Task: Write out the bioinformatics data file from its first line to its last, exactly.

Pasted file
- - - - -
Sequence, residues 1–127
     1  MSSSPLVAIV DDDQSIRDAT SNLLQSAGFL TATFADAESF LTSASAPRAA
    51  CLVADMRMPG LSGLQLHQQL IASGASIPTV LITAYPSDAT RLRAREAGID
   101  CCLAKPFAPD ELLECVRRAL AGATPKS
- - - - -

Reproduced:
Sequence, residues 1–127
     1  MSSSPLVAIV DDDQSIRDAT SNLLQSAGFL TATFADAESF LTSASAPRAA
    51  CLVADMRMPG LSGLQLHQQL IASGASIPTV LITAYPSDAT RLRAREAGID
   101  CCLAKPFAPD ELLECVRRAL AGATPKS